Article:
- Healthy food. Feed the dog healthy food from an early age and if you are not a canine nutritionist, keep in touch with your vet over the puppy’s development. To much or too little protein and the puppy can grow disproportionate.
- Exercise. Keep the dog healthy and don’t let his muscles tighten up. Either a good walk of several miles once or twice a week or 3-5 “play” sessions in a fenced in area (running around, etc.) will keep the dog healthy (plus is builds the human-canine bond up).
German shepherd can be very pack sensitive. They love to be with their pack (family) and do not like being away from them. This can lead to separation anxiety issues where the dog gets nervous with the pack away and may resort to negative behavior including chewing, destroying things, and going to the bathroom indoors. Crate training is a must for any novice GSD owner.
Yes, even a breed as popular as the GSD has some strong negatives.
Their coat is the largest negative the breed has. While their coat isn’t long and doesn’t require a lot of maintenance like some breed do, they can shed. A lot. Don’t ever put the broom away for non-rugs and keep a good vacuum cleaner out for rugs. My wife actually discovered that a 50-50 solution of fabric softener and water in a spray bottle works better than any carpet cleaner spray. Lightly spray over the carpet and let it sit for about 30 minutes before you vacuum. Keep extra bags and bands for the vacuum and keep that brush clean!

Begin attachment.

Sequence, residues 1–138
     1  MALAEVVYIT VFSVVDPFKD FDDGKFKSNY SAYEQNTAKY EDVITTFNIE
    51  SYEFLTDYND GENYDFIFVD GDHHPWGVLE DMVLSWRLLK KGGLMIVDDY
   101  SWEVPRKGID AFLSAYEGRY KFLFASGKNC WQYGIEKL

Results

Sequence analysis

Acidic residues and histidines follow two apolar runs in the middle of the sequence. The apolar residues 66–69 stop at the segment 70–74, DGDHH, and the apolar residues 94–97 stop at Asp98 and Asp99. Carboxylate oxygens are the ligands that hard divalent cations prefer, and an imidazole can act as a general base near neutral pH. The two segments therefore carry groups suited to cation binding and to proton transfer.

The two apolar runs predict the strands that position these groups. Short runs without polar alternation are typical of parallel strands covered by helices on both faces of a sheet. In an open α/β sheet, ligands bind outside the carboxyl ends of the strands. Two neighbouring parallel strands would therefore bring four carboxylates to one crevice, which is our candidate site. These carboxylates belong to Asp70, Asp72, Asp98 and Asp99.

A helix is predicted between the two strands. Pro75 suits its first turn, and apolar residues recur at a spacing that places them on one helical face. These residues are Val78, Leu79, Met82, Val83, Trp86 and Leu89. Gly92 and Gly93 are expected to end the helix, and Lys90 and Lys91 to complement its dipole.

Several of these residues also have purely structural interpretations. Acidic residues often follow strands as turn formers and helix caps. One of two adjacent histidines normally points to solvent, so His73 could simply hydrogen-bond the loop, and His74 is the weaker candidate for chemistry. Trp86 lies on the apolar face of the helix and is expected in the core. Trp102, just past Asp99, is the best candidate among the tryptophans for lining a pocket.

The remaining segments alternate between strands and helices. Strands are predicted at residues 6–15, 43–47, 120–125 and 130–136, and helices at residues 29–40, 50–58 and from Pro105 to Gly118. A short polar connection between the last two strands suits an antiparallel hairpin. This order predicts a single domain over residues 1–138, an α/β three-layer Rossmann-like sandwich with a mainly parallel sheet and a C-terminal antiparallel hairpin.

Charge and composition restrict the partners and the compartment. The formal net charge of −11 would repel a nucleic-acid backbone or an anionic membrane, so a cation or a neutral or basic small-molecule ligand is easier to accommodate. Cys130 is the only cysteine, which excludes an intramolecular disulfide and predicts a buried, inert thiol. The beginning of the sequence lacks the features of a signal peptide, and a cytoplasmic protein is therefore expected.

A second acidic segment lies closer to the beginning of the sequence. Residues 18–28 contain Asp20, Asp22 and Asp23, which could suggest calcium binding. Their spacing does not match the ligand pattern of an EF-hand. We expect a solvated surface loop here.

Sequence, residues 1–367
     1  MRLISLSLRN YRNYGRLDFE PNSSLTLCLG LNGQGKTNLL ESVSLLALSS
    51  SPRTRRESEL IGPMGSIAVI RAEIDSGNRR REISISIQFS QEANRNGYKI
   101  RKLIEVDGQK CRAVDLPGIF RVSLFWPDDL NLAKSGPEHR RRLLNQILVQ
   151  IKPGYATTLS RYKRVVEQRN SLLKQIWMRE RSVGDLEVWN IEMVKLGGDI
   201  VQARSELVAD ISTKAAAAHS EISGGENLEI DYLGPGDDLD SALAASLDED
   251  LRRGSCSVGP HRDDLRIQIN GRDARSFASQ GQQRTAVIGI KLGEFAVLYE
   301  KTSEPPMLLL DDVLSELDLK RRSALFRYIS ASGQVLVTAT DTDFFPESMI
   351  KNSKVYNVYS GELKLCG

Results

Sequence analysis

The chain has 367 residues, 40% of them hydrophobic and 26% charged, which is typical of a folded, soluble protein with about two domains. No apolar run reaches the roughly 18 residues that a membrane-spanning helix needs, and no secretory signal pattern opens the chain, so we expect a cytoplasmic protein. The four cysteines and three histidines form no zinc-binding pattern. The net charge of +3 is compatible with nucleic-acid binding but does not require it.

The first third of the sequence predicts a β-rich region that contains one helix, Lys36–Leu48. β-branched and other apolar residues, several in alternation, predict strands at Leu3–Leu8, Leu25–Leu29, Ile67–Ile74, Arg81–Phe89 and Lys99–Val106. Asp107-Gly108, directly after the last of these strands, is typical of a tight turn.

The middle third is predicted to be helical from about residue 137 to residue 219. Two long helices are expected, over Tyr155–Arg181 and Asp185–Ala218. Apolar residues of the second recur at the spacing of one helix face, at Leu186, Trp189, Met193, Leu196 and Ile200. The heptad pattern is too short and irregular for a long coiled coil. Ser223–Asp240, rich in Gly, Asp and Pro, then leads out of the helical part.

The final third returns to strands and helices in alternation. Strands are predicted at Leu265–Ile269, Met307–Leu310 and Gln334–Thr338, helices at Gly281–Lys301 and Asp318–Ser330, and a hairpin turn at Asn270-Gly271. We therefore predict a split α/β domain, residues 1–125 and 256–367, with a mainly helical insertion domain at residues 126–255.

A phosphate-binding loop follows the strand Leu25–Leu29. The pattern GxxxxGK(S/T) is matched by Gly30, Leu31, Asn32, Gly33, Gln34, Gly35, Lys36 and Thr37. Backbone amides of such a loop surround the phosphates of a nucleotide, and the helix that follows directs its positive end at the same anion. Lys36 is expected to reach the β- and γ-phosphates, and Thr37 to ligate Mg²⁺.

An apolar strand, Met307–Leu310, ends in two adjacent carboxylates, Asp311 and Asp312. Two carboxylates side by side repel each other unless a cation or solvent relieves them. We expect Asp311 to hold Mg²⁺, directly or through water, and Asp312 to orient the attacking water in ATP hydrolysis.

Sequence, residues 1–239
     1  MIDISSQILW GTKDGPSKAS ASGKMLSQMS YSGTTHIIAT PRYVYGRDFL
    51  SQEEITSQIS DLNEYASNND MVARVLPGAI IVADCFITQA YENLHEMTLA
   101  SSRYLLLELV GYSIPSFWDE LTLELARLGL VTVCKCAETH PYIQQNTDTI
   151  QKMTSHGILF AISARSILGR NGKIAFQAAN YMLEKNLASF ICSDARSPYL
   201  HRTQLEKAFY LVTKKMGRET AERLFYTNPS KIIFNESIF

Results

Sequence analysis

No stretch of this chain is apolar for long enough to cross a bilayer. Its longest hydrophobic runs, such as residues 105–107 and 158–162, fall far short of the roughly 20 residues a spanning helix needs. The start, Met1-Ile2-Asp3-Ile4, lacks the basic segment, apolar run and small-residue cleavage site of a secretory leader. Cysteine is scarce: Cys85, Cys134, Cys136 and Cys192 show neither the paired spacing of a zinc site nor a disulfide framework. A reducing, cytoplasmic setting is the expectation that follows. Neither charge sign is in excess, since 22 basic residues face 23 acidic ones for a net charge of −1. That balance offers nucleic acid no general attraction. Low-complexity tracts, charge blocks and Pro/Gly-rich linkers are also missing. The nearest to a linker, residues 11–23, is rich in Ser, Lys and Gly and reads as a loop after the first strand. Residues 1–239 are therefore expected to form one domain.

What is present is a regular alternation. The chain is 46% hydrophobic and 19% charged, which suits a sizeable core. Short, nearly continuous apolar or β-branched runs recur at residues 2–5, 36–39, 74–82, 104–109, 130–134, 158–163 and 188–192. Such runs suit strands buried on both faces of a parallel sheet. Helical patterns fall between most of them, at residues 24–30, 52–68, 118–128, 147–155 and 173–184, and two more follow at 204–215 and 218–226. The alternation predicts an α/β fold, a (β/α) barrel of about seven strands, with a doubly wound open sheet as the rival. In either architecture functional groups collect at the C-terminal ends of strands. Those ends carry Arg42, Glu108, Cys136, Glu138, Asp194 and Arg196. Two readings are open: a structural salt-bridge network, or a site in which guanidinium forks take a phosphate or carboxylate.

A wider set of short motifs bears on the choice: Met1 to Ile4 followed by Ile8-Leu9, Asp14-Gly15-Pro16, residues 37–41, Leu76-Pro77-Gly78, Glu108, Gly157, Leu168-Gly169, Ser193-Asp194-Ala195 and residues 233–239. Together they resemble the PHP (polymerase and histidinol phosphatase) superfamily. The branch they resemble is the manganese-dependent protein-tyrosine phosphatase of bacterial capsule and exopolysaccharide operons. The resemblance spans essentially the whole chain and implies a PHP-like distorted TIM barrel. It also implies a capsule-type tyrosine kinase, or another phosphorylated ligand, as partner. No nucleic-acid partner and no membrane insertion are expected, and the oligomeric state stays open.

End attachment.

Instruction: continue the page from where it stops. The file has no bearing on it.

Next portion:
Their size. I mentioned this earlier but their size can play a significant role. German shepherds are large (70-90 pounds on average) and are one of the most powerful breeds out there in terms of their overall strength and biting power. While this may not be an issue with adults and other dogs the same size or larger, even play bits or corrections on a child or smaller dog can injure them, sometimes severely. Supervision is a must, especially in the beginning of the relationship between the GSD and the child or smaller dog.
Even though on paper German shepherds account for more bites than any other breed several factors are never mentioned.
First, they are the most popular breed of dog in the world, hands down. If you have 100,000 GSD owners with a .5% bite rate, that’s 500 bites. If you have 1,000 owners of “breed B” even a 40% bite rate will still seem far less than the GSD bite rate.
Second, German shepherds are the most popular breed for protection work (including police and military). If a protection trained (civilian owned) GSD bites someone in the home with malicious intent – it is still considered a bite. The “statistics” do not discriminate between aggressive biting and protective biting.
There is also a very large issue with unethical breeders. As a breed becomes more popular, more unethical breeders pop up trying to cash in on the breed’s popularity. Unfortunately, most people wouldn’t know the difference between an ethical breeder and an unethical breeder. Unethical breeders tend to not care about health issues (and will usually deny any kind of health issues in their lines), the overall health of the dogs, their living conditions, genetic issues, and even who adopts them. They look at dogs as a paycheck and that’s it.
Casa Del Mango has a good in-depth comparison between backyard breeders and puppy mills (generally the lowest breeders), commercial and hobby breeders, up to the reputable breeder.
Before anyone purchases a pet dog they need to do the research and if anyone tells you that the breed has no negatives, they’re lying. Even “the best of breeds” have their setbacks. Prospective owners not only need to find the right dog for them, they need to make sure they are right for the dog.